LEED is an experimental diffraction technique, in principle similar to x-ray diffraction: electrons with kinetic energies between about 50 and a few hundred electron volts ( ) have wavelengths around . This is the same length scale as the wavelengths of x rays and interatomic distances in molecules and most solids. Therefore diffraction patterns, similar to x-ray Laue patterns, are observed if a collimated beam of low-energy electrons impinges on ordered structures of atoms or molecules (Fig. 1, Upper right). Unlike x rays, however, electrons in this energy range interact very strongly with atoms in their path and penetrate only a few nanometers of solid matter. Because adsorbed atoms or molecules typically only affect the first few atomic layers of a surface low-energy electron diffraction is an ideal probe for the crystallography of single crystal surfaces.
In the LEED experiment the intensities of diffraction spots are recorded as a function of electron energy (or, equivalently, wavelength). The geometry of the atoms at the surface is determined by comparing these intensity-versus-energy curves with calculated curves for guessed geometries [6,7]. These model geometries are optimized until good agreement is achieved between experimental and calculated data. This strategy is similar to structure determination in x-ray crystallography; however, the strong interaction between electrons and solids makes the model calculations much more demanding in terms of computer power. So far, with LEED it has been possible to determine the adsorption geometries of relatively small molecules, typically up to the size of benzene. The work by Li et al. in which they are solving the structure of a surface covered with molecules, each consisting of 60 atoms, therefore represents a major step forward in terms of the structural complexity that can be determined by LEED.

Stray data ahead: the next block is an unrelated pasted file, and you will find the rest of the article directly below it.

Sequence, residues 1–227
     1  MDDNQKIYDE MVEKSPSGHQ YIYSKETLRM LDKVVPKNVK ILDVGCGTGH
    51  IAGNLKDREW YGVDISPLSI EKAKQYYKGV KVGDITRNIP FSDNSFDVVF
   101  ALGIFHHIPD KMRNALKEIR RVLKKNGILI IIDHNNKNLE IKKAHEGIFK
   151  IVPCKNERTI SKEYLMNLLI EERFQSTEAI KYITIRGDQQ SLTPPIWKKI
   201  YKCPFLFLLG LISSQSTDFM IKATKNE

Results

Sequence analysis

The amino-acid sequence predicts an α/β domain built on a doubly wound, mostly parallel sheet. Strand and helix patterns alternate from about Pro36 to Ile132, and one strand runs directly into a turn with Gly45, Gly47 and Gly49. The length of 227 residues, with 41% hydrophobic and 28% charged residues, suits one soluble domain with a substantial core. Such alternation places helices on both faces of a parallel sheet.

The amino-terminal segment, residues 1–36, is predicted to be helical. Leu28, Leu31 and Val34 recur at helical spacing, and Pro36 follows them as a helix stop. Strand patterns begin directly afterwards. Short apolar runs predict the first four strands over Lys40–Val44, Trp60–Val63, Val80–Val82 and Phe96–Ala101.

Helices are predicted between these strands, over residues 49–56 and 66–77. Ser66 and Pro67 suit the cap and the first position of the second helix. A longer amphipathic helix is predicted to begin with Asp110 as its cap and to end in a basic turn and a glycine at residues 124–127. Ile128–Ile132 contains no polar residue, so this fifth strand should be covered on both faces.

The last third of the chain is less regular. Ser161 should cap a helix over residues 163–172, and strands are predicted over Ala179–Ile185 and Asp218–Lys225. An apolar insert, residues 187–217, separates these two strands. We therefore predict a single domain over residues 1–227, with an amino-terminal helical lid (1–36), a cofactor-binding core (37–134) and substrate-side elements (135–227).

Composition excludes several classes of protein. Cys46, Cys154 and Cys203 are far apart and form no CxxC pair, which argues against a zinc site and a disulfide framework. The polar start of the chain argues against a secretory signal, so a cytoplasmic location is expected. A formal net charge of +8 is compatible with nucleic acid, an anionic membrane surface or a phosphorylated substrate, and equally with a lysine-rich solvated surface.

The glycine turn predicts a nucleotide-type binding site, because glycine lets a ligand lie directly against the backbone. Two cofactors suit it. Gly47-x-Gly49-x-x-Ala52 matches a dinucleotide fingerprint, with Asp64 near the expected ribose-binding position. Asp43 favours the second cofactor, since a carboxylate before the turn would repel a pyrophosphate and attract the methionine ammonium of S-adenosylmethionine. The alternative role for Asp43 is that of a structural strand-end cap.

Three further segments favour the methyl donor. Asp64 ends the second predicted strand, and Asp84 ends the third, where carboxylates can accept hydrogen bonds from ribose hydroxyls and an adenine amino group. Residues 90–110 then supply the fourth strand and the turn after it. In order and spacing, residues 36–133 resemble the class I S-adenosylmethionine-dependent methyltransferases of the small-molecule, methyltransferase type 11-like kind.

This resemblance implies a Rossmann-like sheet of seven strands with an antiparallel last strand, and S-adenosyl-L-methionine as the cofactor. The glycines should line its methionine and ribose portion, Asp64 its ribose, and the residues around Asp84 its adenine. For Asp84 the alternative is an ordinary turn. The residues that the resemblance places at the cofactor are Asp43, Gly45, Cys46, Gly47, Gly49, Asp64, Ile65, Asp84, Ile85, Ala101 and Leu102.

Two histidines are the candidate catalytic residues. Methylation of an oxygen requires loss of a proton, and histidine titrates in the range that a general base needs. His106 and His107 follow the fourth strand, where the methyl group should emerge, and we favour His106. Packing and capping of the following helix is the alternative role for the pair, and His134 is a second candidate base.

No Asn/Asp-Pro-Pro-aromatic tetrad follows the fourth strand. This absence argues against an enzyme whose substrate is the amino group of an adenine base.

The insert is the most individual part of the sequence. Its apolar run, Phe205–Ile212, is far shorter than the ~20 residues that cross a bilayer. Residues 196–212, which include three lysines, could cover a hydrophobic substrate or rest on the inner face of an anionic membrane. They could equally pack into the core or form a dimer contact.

At first sight, the structure that Li et al. find is somewhat surprising. The bonds between the carbon atoms in and the silver surface atoms are normally thought to be predominantly ionic and weak in comparison with the metallic silver–silver bonds within the substrate surface and the covalent bonds within the molecule, which is one of the most stable configurations of carbon atoms. Thus, one might expect that the adsorption geometry is essentially determined by which arrangement optimizes the close packing of “molecular soccer balls” and that both the molecule and the silver surface are not much different in contact with one another than they are apart. The analysis of the diffraction measurements shows, however, that this is not the case. The molecules stay essentially unchanged but are able to “dig” nanosized holes into the metal surface by removing the silver atom underneath their adsorption site (Fig. 1). The positions of the other substrate atoms change very little. No indication of such “vacancy reconstruction” was found in any of the previous experiments mentioned above, since they only probed the properties of the molecules and not the geometry of the underlying substrate.